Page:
Itsy-bitsy, teenie-weenie diesel
Not much hope of ever identifying this one, but it's worthy of some note because of the size. It is currently in Bert Streigler's collection, who cleaned it up for the photo. Bert says that while the engine is crudely made, you have to admire the builder for ever trying! It may be cute to look at from a distance, but would not really make a runner for a variety of fit and finish problems. To put things in perspective, the bore is 5.5mm and the stroke is 4.0 mm which makes the displacement only .095 cc (.006 cuin), truly a tiny thing. It weighs the princley amount of 20.65 gm so might be light enough to fly without an airplane in a strong wind! Sadly, we have no idea who built it, nor when it was made, nor why, for that matter...
Brass Ring Sparker
The owner of this one wrote that it's a big monster of maybe 15cc displacement, perhaps sand cast with the fins machined all over (looks more like a gravity diecast case to me, though the tapered head fins have an odd finish on the sides). Looking through the ports, a rather large piston ring, possibly brass, can be seen. From the photos, we see that the head is secured with only three screws. The backplate is secured with four slotted cheese head screws, which can indicate British origin, but three of the four culinder screws are round heads—possibly later replacements. The bare front end is missing the ignition points and timer and prop driver, or possibly a flywheel. At the other end, the holes in the sides of the venturi indicate that at a minimum, a rotary choking device is missing. The size and small exhaust ports suggest this is a rather early sparker. Now is it a one-off home built, or a commercial product?
It's a Greyspec 15cc. This commercial British sparker flourished around 1929/1930 and could be bought as a finished product, or a kit of raw castings, with fully machined individual parts available. There's no way to tell if this particular one was once fitted with a flywheel, or a prop driver. I lead towards a flywheel for no particular reason. Likewise we'll never know if it was built from a kit, or was factory assembled. From the rather uneven thicknesses of the fins, I lean towards kit-built. The original factory info appears below, and note that a roller big-end bearing was available as an option—just like motor-cycle engines of the time. The catalog also mentions a "Wellworthy" ring. This was, and amazingly still is a piston ring manufacturers' name, not a special ring type you've never heard of.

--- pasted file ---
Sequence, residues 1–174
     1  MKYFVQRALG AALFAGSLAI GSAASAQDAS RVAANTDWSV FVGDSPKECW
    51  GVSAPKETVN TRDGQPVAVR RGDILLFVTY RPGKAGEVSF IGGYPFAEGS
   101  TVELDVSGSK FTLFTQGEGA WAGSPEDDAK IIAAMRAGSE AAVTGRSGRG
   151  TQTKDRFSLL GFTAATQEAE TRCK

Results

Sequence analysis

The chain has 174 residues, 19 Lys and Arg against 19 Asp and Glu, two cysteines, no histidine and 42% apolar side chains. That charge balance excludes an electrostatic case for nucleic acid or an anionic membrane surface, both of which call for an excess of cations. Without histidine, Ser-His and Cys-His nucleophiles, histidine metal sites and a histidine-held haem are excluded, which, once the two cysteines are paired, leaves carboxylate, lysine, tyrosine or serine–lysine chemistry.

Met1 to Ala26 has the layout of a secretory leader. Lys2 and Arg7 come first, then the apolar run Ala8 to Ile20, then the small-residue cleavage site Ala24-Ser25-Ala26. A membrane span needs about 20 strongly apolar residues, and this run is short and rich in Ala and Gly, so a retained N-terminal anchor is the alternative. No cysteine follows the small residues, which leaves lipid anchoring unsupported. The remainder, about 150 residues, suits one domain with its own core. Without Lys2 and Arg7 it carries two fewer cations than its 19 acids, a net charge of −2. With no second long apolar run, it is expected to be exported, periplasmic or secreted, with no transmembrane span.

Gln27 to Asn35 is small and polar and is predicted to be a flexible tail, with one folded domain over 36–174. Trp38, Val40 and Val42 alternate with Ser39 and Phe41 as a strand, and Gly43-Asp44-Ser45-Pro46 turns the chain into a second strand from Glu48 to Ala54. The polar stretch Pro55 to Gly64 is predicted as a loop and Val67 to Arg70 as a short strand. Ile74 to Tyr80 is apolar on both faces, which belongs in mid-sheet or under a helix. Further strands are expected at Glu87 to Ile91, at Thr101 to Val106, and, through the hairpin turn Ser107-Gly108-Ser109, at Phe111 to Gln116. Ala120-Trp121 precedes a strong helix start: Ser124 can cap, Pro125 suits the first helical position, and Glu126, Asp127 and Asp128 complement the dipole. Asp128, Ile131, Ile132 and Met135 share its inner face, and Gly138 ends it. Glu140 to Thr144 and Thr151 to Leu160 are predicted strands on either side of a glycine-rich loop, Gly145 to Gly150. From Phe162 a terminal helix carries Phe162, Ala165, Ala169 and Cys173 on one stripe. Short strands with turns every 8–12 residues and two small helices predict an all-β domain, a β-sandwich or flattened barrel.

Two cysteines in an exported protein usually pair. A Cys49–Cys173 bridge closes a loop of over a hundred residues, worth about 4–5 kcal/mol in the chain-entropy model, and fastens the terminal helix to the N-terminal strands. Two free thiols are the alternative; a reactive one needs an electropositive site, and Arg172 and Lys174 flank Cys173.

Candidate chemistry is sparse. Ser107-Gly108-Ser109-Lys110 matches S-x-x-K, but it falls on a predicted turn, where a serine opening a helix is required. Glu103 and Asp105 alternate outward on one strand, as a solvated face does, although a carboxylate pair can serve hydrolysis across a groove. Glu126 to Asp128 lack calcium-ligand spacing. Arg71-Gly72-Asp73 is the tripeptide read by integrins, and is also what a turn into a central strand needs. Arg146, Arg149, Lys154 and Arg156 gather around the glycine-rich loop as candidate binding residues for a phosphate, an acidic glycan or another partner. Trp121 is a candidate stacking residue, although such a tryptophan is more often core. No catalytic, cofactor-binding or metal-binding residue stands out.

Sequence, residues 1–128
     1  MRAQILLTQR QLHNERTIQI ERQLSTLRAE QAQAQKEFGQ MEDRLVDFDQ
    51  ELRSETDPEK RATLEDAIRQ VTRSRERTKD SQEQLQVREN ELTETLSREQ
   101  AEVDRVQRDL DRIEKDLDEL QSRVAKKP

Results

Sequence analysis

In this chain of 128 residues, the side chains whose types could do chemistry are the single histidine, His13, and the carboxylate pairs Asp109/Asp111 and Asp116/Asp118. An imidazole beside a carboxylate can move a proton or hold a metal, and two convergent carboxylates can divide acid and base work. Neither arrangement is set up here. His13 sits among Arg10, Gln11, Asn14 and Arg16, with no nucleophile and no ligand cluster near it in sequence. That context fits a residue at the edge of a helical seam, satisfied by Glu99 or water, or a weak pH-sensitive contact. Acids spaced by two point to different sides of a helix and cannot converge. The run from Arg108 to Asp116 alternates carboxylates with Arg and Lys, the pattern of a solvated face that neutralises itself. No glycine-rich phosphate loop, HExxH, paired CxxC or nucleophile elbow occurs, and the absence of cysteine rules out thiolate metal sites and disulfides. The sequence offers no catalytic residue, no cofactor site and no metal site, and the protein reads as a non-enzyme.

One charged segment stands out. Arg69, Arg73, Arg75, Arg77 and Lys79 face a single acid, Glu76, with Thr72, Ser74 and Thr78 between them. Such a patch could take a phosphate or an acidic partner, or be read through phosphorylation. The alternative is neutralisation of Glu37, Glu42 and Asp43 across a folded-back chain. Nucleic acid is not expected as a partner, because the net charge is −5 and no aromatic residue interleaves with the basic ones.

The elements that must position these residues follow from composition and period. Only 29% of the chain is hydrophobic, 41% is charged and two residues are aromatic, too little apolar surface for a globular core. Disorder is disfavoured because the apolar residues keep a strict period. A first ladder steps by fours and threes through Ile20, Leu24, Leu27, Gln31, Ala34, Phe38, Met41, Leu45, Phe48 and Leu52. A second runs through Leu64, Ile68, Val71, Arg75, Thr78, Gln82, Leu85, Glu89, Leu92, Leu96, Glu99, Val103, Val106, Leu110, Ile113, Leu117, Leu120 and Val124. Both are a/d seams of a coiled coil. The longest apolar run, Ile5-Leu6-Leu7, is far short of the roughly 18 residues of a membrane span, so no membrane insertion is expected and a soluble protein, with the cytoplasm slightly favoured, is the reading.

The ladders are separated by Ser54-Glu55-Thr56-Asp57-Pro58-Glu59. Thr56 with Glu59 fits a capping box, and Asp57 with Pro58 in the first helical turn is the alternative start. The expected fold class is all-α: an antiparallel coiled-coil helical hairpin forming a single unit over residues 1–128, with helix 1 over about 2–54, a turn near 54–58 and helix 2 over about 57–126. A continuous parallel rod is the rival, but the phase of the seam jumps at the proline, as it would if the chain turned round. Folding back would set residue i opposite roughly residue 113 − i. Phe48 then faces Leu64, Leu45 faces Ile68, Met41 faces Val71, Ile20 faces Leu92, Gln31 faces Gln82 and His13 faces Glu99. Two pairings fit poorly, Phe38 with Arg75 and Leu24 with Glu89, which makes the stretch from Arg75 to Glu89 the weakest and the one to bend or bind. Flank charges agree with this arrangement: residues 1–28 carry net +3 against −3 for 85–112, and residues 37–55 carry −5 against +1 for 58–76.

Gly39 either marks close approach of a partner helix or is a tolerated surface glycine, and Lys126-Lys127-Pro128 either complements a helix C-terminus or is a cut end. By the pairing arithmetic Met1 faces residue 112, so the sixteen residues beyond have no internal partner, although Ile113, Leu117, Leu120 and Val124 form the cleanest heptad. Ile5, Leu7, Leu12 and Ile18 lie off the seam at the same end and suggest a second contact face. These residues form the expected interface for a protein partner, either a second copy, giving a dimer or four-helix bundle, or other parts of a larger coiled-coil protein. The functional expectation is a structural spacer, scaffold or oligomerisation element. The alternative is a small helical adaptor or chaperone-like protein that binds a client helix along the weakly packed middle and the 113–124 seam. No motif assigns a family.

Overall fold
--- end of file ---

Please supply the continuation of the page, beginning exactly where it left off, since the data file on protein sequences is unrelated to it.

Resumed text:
Thanks go to Ken Croft and Eric Offen for identifying the engine. Eric also provided the documentatoin scans.
We have no answer to builder or anything about this one and would welcome input from anyone who recognizes it, or as read about anything like it. It's ancient (even the spark plugs are home-grown). And it roughly follows the first Gnome radial that came and went during the frenzied engine development period occasioned by the Great War of 1914-18.
The new owner came by the engine in an estate sale where it was found in pieces in a box of airplane motors. The parts included a flywheel. The cut-down airscrew seen on the reassembled engine was chosen for demonstration purposes. The owners believe the engine may have run at some time. The basic idea is to dribble raw fuel into the crankcase (which is spinning). The exhaust valves stay open after top dead center to draw air into the cylinder on the down stroke. A valve in the piston then opens to admit fuel vapour into the cylinder. Gnome later did away with the piston valve (too many failures and explosions), turning to a Monosupape design (one valve) with two-stroke like poston ported induction (but still a four-stroke in operation; fascenating and well worth looking up in the various reference books such as The Rotary Aero Engine by Andrew Nahum). The Gnomes were made as 7, 9 and 14 cylinder engines, but there appears to be no reason why a two cylinder version would not work. The power to weight ratio would not be great, but this engine may have been designed at a time when the rotary represented the peak of technology. Please let us know if it rings any bells with you.
Le Moteur functionnant
These photos came from MEN Member, Ray Griffin who found the treasure in question in a local second hand shop in France. Ray wrote that it had no needle, a makeshift prop driver, and no obvious source of ignition. It is large, with the outer diameter of the cooling fins measuring 49mm (almost 2 inches). Ok, engine sluths, what can we observe? The crankcase and cylinder appesar to be nicely done die castings. Although we can't see the top of the head, the stated lack of any obvious ignition source suggests it must be a fixed compression diesel. finally, there's the absence of manufacturers' markings, and being found in local French second hand shop, suggests it may be of French origin. That should be enough data for any journeyman engine enthusiast. Click below to confirm you identification (or cheat).